The Consumer Financial Protection Bureau has now delivered to Congress the final results of its empirical study of consumer arbitration as mandated by Section 1028 of the Dodd-Frank Act. While it has been widely reported that the results show that arbitration agreements are detrimental to consumers, a careful reading of the 728-page study reveals that it would be incorrect for Congress or the CFPB to draw that conclusion. In fact, the study confirms that arbitration does benefit consumers.

Our findings include:

  • The data demonstrate that arbitration is faster and more economical than litigation. According to the study, the median desk arbitration (an arbitration based on just a review of relevant documents) was resolved in four months; the median telephone arbitration was resolved in five months; and the median in-person hearing was resolved in seven months. When the case resulted in a settlement, the median arbitration proceeding lasted only two to five months. By contrast, the average class action settlement received final court approval in an average of 690 days (1.89 years); federal multidistrict litigation class actions closed in a median of 758 days (2.07 years) for cases filed in 2010; and state court class actions filed that year had a median time to closure of 407 days (1.11 years).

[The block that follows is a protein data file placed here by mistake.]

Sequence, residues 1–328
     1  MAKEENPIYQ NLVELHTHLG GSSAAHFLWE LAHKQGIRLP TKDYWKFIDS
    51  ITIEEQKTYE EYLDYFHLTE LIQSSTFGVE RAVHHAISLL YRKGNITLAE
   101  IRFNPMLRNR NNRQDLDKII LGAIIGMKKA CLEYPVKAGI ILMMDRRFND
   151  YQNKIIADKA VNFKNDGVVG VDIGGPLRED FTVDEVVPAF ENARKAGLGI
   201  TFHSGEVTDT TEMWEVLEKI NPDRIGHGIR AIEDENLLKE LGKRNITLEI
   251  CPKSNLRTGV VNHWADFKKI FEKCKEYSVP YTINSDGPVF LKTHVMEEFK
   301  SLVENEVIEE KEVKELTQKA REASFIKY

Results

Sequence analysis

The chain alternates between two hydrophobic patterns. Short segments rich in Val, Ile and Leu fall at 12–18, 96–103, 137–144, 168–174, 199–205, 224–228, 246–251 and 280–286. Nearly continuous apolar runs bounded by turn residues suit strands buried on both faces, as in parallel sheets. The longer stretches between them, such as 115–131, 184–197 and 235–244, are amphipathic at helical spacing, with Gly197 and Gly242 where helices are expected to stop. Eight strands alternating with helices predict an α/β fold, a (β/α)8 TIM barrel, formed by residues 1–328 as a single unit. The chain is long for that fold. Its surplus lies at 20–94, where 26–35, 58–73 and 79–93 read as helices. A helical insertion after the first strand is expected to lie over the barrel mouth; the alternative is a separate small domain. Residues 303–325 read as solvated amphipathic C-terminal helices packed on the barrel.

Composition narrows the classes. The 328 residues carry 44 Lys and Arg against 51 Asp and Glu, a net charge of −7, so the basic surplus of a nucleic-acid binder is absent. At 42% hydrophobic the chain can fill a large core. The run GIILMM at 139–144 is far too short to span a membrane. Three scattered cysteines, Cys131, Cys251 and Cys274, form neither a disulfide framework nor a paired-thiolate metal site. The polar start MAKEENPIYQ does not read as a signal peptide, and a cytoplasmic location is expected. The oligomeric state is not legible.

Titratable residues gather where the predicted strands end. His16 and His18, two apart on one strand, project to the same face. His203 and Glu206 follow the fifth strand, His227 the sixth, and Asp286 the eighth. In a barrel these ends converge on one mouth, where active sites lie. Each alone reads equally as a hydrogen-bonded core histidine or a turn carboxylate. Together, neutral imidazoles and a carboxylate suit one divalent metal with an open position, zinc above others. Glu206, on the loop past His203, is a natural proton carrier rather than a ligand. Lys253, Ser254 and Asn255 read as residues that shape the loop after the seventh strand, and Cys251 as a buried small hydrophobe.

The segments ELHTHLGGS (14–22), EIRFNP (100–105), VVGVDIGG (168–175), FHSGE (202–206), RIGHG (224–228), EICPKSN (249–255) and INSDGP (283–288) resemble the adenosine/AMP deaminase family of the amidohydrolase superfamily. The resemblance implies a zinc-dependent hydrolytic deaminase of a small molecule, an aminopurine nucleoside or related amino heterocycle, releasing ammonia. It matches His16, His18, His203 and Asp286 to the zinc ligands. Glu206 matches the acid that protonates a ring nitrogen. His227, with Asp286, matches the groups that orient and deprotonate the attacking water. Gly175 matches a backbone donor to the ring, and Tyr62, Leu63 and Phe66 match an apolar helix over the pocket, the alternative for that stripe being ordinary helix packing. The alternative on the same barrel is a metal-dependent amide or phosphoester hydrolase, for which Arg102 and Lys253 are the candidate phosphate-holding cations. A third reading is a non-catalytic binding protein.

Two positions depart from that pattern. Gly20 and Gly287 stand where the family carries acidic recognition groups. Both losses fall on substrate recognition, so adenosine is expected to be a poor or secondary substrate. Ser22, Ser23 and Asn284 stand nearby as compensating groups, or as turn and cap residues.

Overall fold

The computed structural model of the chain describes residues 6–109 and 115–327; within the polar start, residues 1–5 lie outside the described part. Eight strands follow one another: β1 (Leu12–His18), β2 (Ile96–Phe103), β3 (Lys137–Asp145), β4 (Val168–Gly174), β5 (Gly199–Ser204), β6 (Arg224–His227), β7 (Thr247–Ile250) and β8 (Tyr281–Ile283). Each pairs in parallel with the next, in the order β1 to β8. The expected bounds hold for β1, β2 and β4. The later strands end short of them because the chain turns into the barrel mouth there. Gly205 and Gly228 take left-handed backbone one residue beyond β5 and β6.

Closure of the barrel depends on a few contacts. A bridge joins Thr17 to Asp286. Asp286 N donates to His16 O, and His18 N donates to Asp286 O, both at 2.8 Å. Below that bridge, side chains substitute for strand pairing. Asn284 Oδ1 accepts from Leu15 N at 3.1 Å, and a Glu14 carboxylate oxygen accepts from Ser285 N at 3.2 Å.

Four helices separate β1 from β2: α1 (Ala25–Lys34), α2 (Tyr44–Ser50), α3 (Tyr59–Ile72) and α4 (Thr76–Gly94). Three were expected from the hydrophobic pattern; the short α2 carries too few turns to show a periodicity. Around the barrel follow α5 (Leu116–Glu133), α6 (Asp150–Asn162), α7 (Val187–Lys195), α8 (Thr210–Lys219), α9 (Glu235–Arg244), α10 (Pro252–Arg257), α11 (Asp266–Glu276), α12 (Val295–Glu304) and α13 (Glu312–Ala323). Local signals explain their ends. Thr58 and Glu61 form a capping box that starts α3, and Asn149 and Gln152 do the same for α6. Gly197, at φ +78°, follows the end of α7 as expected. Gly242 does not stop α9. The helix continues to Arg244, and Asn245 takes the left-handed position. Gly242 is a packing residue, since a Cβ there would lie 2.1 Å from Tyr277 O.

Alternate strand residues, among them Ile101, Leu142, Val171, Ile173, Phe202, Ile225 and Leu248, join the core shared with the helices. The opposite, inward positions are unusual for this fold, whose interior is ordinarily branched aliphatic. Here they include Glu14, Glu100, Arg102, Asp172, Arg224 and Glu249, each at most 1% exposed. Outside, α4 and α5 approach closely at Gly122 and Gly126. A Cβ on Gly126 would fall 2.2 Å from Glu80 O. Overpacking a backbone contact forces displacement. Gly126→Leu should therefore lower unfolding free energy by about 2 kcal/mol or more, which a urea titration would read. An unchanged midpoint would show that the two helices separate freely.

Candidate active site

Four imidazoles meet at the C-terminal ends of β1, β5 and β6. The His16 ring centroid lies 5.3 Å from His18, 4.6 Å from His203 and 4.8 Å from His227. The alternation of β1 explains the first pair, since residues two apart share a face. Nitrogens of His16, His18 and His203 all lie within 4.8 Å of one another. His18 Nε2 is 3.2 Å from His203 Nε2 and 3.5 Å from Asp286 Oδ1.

• During the 2010-2012 period studied by the CFPB, the American Arbitration Association (AAA) capped the consumer’s share of administrative and arbitrator costs at $125; the company paid the rest. Under the new AAA Consumer Rules that became effective in September 2014, the consumer’s share is capped at $200. (By comparison, the filing fee for a complaint in federal court is $350). Under the AAA Rules, the consumer can also request a waiver of those fees based on financial hardship, and many arbitration agreements provide that the company will pay the consumer’s share. Even when consumers initially paid a modest share of the fees, in 56 of 123 arbitrations examined by the study, they were reimbursed in the arbitrator’s award for at least some of the fees.